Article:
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        Phenomenal: A Tribute to Oprah from Maya Angelou
        maya angelou
        Photo: © Patrick Fraser/Corbis Outline

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        There's no straight line from Kosciusko, Mississippi, to Paris, France, or to London, England, or to, for that matter, Chicago, Illinois. The fact is that Oprah Winfrey reaches all those places with her irresistible personality and charm.

        Her journey has been, and still is, complicated. She was born poor in a poverty-stricken village in Mississippi. She was born Black in an era and an area where racism was the order of the day and was to be expected and legally accepted.

        Fortunately, before she reached her teens, she had heard and believed the lyrics of an old gospel that advised, "Don’t you let nobody turn you round, turn you round, turn you round." She decided that she would not allow anyone or any group to reduce her humanity.

        Oprah began to read in the library of the Black school in Kosciusko, Mississippi. She drank down novels as if they contained the sweet iced tea of southern summers. She met White children in the pages who were worlds apart from the mean White youngsters who teased her and called her vulgar names in the dirt roads of her hometown. She read and memorized the poetry of the great African American poets Langston Hughes and Paul Laurence Dunbar. Their lines, filled with self-respect, had an enormous impact on the young Winfrey. The poets exclaimed that Black was not only beautiful, but also exquisite. Langston Hughes's "Harlem Sweeties" told her that her complexion was perfect, and the poem strengthened her resolve to grow beyond the confines of negativity.

        Have you dug the spill
        Of Sugar Hill?
        Cast your gims
        On this sepia thrill:
        Brown sugar lassie,
        Caramel treat,
        Honey-gold baby
        Sweet enough to eat.

        So if you want to know beauty's
        Rainbow-sweet thrill,
        Stroll down luscious,
        Delicious, fine Sugar Hill.

        Oprah, like any other southern-born Black child, desperately needed the assurance that African Americans were worthy of praise and appreciation. She found that assurance in James Weldon Johnson’s song, "Lift Every Voice and Sing," known as the African American National Anthem.

        Lift every voice and sing,
        Till earth and heaven ring,
        Ring with the harmonies of Liberty;
        Let our rejoicing rise
        High as the listening skies,
        Let it resound loud as the rolling sea.
        Sing a song full of the faith that the dark past has taught us,
        Sing a song full of the hope that the present has brought us;
        Facing the rising sun of our new day begun.
        Let us march on till victory is won.

        The climate in Kosciusko was heavy with the idea that White was always right and White had might and that Black should always get back, get back. Oprah decided that she would not indulge any man-made hindrance between human beings constructed for someone else’s convenience and at someone else’s whim.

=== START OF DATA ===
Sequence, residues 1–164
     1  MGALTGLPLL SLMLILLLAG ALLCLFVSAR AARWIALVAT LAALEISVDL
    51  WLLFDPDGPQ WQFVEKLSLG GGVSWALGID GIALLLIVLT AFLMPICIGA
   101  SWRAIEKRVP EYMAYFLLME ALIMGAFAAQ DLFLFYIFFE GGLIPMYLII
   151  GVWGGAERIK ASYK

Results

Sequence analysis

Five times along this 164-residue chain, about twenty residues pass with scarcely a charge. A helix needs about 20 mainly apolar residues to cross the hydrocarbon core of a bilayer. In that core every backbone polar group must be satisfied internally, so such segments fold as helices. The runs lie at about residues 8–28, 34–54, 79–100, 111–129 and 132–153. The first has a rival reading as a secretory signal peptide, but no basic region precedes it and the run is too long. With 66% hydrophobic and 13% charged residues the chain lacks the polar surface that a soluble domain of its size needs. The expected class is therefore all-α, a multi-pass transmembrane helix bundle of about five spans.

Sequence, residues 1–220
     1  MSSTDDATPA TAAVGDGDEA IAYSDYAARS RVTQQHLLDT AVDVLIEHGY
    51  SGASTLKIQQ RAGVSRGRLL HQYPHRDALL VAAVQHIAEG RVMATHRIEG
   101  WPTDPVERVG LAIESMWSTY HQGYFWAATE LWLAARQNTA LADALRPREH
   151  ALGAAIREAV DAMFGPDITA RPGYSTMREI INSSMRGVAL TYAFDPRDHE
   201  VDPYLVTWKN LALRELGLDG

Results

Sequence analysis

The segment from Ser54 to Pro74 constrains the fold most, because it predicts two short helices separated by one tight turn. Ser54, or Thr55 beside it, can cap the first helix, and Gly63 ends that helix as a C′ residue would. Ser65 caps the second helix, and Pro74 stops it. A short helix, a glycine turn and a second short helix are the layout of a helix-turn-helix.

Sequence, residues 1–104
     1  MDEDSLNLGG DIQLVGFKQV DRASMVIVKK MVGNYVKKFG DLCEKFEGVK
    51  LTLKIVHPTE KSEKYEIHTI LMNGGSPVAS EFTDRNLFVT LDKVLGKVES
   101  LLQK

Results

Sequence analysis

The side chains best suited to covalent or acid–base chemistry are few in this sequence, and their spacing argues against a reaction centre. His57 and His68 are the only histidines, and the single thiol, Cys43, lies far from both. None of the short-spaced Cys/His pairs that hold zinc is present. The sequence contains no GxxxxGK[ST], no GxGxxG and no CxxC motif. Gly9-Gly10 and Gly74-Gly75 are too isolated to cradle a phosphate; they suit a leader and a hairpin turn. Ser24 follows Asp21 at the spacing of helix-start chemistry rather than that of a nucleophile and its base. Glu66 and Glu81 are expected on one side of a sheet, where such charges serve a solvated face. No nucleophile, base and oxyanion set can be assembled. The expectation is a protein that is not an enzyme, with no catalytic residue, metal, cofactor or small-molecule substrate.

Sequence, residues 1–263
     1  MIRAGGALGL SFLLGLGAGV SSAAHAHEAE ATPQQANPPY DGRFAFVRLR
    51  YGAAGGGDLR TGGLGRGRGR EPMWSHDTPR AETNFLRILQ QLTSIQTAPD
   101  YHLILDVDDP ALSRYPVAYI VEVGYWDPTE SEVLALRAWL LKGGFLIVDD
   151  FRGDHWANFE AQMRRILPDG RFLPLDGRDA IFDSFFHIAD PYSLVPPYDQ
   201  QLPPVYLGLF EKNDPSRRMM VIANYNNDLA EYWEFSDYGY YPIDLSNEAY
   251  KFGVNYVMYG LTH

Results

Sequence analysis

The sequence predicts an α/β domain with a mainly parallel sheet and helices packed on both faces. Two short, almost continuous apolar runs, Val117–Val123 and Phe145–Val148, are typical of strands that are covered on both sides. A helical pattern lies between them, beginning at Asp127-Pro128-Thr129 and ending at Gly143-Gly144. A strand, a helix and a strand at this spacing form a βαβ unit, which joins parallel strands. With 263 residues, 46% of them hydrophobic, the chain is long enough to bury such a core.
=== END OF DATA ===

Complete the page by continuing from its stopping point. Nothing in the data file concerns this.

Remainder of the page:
The question was: How could a Black girl born into such a negative climate escape this crippling environment and become one of the most powerful voices in the world?

        Oprah used her deeply felt religion to combat all the offensive strikes against her. She believed that she was a child of God and took sincerely the words of a nineteenth-century hymn writer:

        My Father is rich in houses and lands,
        He holdeth the wealth of the world in His hands!
        Of rubies and diamonds, of silver and gold,
        His coffers are filled, He has riches untold.
        I’m a child of the King.
        A child of the King:
        With Jesus my Savior,
        I’m a child of the King.

        She began to recite in her grandmother's church, and the older church members commended her, bragged about her, and said she was very good.

        When Oprah Winfrey left Mississippi and later went to live with her father in Tennessee, she found herself less restricted, less hemmed in by racism.

        Conversations in her father's barbershop were driven by political and social issues. Winfrey bloomed. When she entered Tennessee State University, she was convinced of a belief she had held secretly and that belief was: She was, after all, very intelligent.

        Oprah Winfrey was given not only a fine brain but also enormous energy. Her ambitions had not focused on any desire, save to be the best she could be.

        When I was told of this book and informed that a number of people would write about Oprah Winfrey and possibly describe her, I was reminded of an ancient Indian folktale about a group of blind people who were asked to describe a super-size elephant.

        One person was taken to the elephant's side. He used both hands to feel the rough skin of the animal. He exclaimed, “I know what an elephant is. He is a hairy wall.”